Abstract Tourette syndrome (TS) is a neuropsychiatric disorder of complex genetic architecture involving multiple interacting genes. Here, we sought to elucidate the pathways that underlie the neurobiology of the disorder through genome-wide analysis. We analyzed genome-wide genotypic data of 3581 individuals with TS and 7682 ancestry-matched controls and investigated associations of TS with sets of genes that are expressed in particular cell types and operate in specific neuronal and glial functions. We employed a self-contained, set-based association method (SBA) as well as a competitive gene set method (MAGMA) using individual-level genotype data to perform a comprehensive investigation of the biological background of TS. Our SBA analysis identified three significant gene sets after Bonferroni correction, implicating ligand-gated ion channel signaling, lymphocytic, and cell adhesion and transsynaptic signaling processes. MAGMA analysis further supported the involvement of the cell adhesion and trans-synaptic signaling gene set. The lymphocytic gene set was driven by variants in FLT3 , raising an intriguing hypothesis for the involvement of a neuroinflammatory element in TS pathogenesis. The indications of involvement of ligand-gated ion channel signaling reinforce the role of GABA in TS, while the association of cell adhesion and trans-synaptic signaling gene set provides additional support for the rolemore »of adhesion molecules in neuropsychiatric disorders. This study reinforces previous findings but also provides new insights into the neurobiology of TS.« less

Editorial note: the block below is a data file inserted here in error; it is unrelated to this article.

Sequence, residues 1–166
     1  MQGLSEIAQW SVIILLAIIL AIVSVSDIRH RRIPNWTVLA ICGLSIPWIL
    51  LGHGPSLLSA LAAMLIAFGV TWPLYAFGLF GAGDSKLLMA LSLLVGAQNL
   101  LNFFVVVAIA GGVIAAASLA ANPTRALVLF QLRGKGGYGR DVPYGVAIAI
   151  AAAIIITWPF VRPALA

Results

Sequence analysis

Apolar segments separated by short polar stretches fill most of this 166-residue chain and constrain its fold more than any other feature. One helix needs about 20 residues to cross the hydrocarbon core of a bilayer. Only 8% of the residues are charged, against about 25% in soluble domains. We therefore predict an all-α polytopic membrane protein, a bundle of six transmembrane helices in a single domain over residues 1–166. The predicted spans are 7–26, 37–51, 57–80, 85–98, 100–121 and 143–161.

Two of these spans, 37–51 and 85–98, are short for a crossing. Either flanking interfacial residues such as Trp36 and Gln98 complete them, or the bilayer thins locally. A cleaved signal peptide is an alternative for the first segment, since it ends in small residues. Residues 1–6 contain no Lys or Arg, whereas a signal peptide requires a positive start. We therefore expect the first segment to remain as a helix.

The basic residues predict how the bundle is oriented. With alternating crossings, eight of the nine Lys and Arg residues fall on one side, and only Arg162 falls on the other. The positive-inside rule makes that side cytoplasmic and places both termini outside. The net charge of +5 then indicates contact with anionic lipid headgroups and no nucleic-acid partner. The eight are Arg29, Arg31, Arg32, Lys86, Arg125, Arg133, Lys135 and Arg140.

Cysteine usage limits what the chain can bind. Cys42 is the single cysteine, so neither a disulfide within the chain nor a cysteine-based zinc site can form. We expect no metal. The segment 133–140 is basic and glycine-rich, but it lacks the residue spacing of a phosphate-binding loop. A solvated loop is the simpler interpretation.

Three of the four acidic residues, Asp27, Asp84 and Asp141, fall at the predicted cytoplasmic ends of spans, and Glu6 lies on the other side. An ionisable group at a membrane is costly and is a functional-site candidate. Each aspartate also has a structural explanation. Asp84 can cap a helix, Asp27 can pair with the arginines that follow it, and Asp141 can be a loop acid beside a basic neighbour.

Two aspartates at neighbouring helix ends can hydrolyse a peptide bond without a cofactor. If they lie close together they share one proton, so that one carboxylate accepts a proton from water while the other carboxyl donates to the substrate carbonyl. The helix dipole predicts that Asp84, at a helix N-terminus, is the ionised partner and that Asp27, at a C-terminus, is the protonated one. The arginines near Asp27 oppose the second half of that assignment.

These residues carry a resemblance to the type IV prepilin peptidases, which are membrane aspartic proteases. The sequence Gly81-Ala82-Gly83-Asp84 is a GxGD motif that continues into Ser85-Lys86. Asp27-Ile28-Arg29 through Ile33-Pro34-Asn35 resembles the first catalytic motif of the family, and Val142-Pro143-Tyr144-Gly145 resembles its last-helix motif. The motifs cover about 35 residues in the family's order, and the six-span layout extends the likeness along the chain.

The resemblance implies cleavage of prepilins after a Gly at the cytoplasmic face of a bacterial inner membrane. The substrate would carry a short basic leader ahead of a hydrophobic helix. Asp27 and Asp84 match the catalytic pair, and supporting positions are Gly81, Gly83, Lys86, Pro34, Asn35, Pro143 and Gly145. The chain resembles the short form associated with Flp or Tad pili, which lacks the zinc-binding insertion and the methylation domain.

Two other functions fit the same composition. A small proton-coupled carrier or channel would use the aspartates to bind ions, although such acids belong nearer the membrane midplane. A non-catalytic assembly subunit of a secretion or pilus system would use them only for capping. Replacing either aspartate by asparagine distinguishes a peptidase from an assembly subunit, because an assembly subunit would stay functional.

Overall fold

4. Background Myasthenia gravis (MG) is a rare autoimmune disorder affecting the neuromuscular junction (NMJ). Here, we investigate the genetic architecture of MG via a genome-wide association study (GWAS) of the largest MG data set analysed to date. Methods We performed GWAS meta-analysis integrating three different data sets (total of 1401 cases and 3508 controls). We carried out human leucocyte antigen (HLA) fine-mapping, gene-based and tissue enrichment analyses and investigated genetic correlation with 13 other autoimmune disorders as well as pleiotropy across MG and correlated disorders. Results We confirmed the previously reported MG association with TNFRSF11A (rs4369774; p=1.09×10 −13 , OR=1.4). Furthermore, gene-based analysis revealed AGRN as a novel MG susceptibility gene. HLA fine-mapping pointed to two independent MG loci: HLA-DRB1 and HLA-B . MG onset-specific analysis reveals differences in the genetic architecture of early-onset MG (EOMG) versus late-onset MG (LOMG). Furthermore, we find MG to be genetically correlated with type 1 diabetes (T1D), rheumatoid arthritis (RA), late-onset vitiligo and autoimmune thyroid disease (ATD). Cross-disorder meta-analysis reveals multiple risk loci that appear pleiotropic across MG and correlated disorders. Discussion Our gene-based analysis identifies AGRN as a novel MG susceptibility gene, implicating for the first time a locus encoding a protein (agrin)more »that is directly relevant to NMJ activation. Mutations in AGRN have been found to underlie congenital myasthenic syndrome. Our results are also consistent with previous studies highlighting the role of HLA and TNFRSF11A in MG aetiology and the different risk genes in EOMG versus LOMG. Finally, we uncover the genetic correlation of MG with T1D, RA, ATD and late-onset vitiligo, pointing to shared underlying genetic mechanisms.« less